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John Fuller and The Sycamore Press: A Bibliographic History

Set up in 1968, John Fuller's Sycamore Press published some of the most influential and critically acclaimed writers of the past half-century. Operating from a garage, the press published established authors like W. H. Auden, Philip Larkin and Peter Porter and young poets like James Fenton and Alan Hollinghurst. "John Fuller and The Sycamore Press", edited by Ryan Roberts, is more than a full descriptive bibliography. It includes personal reflections by Sycamore Press authors and an interview with John Fuller. Editor Ryan Roberts has met publisher John Fuller to find out more details of his press. As Ryan explains, meeting in Fuller's home in Oxford, the conversation was casual, an enjoyable time to learn the facts of the press straight from the publisher himself.

Published on 21 Jan. 2011

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Set up in 1968, John Fuller's Sycamore Press published some of the most influential and critically acclaimed writers of the past half-century. Operating from a garage, the press published established authors like W. H. Auden, Philip Larkin and Peter Porter and young poets like James Fenton and Alan Hollinghurst. "John Fuller and The Sycamore Press", edited by Ryan Roberts, is more than a full descriptive bibliography. It includes personal reflections by Sycamore Press authors and an interview with John Fuller. Editor Ryan Roberts has met publisher John Fuller to find out more details of his press. As Ryan explains, meeting in Fuller’s home in Oxford, the conversation was casual, an enjoyable time to learn the facts of the press straight from the publisher himself.

An excerpt:


Roberts: So what determined, for the broadsheets, the number to be printed?

Fuller: I suppose we were influenced by the thought that with certain poets we could, in theory, sell a lot of copies. In other cases, I think we just went crazy when printing and there was more daylight than we thought and the paper was there and we just sort of went on for longer doing it. I think that was true of Bernard Bergonzi’s. We had printed a vast number. I seem to remember that it was purely accidental - just a sort of burst of energy. Because when you’re actually out there doing it - there’s the paper, it’s all inked up - you go on doing it as long as you can, until it gets dark. And you want to print them all in one day. So 200 copies is a fair number, but if it’s all going well you can get through many more. The thing goes ‘thwump, thwump, thwump’, and if you’re hand-feeding the paper in regularly and you don’t have to keep stopping for disasters you can get many more done. I think on certain days we found ourselves printing more than we really should have done. I think that’s the answer. It’s pretty arbitrary, actually. It’s to do with printing conditions and whether things have gone wrong or whether the daylight continued long enough for us to print. Not very serious reasons. How many did we do of Thom Gunn - 500? I must have thought, ‘This is Thom Gunn. I can surely sell 500.’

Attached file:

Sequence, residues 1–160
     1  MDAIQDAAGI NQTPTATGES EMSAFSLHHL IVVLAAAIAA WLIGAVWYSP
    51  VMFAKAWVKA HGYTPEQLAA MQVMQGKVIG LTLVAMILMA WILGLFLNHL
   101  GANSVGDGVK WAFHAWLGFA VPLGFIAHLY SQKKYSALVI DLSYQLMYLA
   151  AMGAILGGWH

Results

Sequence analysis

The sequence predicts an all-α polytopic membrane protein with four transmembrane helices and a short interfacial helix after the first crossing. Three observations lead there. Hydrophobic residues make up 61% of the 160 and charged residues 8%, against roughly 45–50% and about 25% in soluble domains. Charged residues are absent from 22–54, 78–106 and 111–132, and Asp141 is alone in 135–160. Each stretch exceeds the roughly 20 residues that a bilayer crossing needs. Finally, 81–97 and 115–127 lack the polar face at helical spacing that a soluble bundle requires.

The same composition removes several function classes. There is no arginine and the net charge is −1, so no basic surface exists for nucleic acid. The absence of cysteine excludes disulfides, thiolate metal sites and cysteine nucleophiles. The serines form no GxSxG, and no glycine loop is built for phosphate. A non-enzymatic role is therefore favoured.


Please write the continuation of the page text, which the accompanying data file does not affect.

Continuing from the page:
Roberts: And here we come to James Fenton’s Put Thou Thy Tears Into My Bottle.

Fuller: This is the one I misprinted the title. He didn’t seem to mind. I had some theological explanation for sticking with it, quite apart from the laziness in order to reprint the whole thing entirely, having done it. I think we could just draw a veil over that. No doubt if you don’t say anything about it being an error it will become a sort of postmodernist twist on the biblical text by James himself whenever somebody writes up his work. [Turns to Anthony Furnivall’s pamphlet] And then our attempt to print music. He was, I think, an organ scholar at Magdalen. I can’t remember exactly how I decided to print his song.